The likely effect of the ads on his client’s business seemed rather less important to him than the effect they might have on industry perceptions of his agency. On both fronts, I reckon he’ll be disappointed.
His campaign seemed designed to make a nice agency case study (or enhance the marketing director’s CV) rather than address the brand’s business issues. It was bloated with pointless additional content, online gimmicks and boring interactive devices. And there wasn’t a single clear message about the product itself, just a torturous strapline that was so oblique it was meaningless. So I asked the ECD what the ambitions for the campaign were. "We’re aiming for two million views on YouTube." It wasn’t an answer that his client’s chief executive would have been happy with.
None of this would be worth repeating publicly except in the light of last week’s IPA report on the state of client/agency relationships. When even those of us who love ad agencies sometimes wonder whether they’ve got their priorities right, no wonder their marketing paymasters have some doubts. Too often, agencies obsess about showcasing what they (think they) can do rather than concentrating on what they should be doing. With bastard new-business targets and precarious existing client relationships, of course agencies are keen to grasp every opportunity to showcase a breadth of cutting-edge skills, even at the expense of producing work designed to work. But when you then go and ask marketers what they think of agencies, and you get comments about their lack of commercial awareness, their failure to have a clear sense of ROI, their inability to understand the client world. Hardly surprising, huh?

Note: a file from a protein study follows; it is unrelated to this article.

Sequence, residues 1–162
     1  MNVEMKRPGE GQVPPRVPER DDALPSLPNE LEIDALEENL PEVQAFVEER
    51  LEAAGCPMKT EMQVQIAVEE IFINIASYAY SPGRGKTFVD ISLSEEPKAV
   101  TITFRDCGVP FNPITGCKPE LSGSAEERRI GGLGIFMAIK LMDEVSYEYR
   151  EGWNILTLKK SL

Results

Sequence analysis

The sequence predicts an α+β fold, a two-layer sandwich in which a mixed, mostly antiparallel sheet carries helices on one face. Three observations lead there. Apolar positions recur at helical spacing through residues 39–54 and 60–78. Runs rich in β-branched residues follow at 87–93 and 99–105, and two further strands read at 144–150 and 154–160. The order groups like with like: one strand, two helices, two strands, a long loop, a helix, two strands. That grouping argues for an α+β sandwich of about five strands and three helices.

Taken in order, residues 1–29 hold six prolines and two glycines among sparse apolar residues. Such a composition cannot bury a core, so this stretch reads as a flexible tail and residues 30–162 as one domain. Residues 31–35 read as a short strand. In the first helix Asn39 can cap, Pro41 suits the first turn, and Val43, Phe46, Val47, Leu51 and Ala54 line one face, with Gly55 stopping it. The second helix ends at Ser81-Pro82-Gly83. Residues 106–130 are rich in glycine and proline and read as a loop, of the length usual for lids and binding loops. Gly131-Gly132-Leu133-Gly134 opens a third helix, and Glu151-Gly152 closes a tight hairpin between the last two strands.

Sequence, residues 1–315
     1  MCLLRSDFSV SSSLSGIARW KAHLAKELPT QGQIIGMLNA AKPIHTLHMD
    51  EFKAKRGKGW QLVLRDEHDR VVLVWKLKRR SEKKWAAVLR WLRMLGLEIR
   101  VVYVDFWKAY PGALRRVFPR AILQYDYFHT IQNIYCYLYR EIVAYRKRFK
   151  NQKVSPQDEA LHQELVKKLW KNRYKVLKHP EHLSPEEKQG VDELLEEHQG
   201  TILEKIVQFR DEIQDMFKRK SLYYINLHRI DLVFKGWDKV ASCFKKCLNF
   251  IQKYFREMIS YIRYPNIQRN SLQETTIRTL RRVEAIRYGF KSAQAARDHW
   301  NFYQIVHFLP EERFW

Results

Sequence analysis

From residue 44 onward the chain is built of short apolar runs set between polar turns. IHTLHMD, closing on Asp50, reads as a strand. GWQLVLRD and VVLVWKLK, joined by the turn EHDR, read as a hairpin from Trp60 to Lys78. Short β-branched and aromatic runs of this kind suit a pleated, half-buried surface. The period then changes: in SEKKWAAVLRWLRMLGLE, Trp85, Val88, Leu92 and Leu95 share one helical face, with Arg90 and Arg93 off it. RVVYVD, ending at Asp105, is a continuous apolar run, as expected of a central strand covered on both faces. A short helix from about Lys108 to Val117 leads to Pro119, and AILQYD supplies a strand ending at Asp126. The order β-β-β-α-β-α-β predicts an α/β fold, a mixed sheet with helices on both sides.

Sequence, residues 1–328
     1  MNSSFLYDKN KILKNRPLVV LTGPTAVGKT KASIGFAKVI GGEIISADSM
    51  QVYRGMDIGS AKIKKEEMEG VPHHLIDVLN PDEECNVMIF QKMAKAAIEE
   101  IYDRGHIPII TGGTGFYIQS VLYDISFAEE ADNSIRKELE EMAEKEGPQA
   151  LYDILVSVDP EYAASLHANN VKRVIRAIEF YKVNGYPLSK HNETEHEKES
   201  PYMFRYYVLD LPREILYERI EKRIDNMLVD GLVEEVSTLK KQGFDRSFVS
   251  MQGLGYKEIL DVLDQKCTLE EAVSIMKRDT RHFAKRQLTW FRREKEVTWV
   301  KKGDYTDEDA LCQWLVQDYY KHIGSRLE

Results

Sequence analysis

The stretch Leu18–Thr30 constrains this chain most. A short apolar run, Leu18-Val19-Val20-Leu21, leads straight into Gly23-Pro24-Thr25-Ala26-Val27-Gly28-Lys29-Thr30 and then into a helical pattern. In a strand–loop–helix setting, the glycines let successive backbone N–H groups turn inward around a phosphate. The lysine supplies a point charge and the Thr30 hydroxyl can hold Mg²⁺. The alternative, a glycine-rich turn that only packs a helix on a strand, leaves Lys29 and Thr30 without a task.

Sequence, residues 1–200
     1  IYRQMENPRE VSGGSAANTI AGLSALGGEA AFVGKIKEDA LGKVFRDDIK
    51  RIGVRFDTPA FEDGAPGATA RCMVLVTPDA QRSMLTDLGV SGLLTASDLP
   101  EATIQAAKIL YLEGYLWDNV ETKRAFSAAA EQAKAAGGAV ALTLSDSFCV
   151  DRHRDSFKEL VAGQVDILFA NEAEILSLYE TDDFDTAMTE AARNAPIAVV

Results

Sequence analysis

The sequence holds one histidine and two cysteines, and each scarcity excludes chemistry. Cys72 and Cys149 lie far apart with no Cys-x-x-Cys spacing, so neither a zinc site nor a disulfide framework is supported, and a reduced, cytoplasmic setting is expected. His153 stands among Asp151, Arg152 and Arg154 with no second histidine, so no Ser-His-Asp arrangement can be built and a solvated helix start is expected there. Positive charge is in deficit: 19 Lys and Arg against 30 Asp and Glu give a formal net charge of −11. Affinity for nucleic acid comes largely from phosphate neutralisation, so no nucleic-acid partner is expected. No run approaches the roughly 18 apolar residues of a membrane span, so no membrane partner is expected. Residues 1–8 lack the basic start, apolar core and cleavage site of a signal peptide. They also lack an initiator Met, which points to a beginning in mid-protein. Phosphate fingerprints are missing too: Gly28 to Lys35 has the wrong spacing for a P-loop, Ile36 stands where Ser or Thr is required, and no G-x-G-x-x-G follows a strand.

Of course, these are the same marketers who produce poor and unfocused briefs, research ideas until they’re simply bland, take a short-term view (safe in the knowledge that they’ll be off to another job well before the long term matters) and don’t have enough clout in their own company to fight for the right levels of marketing investment. OK, I’m painting a crude picture, but it’s clear that failure has many fathers.
Back to my optimistic ECD and his overblown but forgettable new campaign. I’ve met his client several times and I’m not surprised that this particular marketer has just bought an overblown and forgettable ad campaign. Their lack of talent doesn’t excuse the calibre of the agency’s work, of course, but it will have certainly contributed. I just checked the YouTube views for their campaign: 430,000, six weeks in.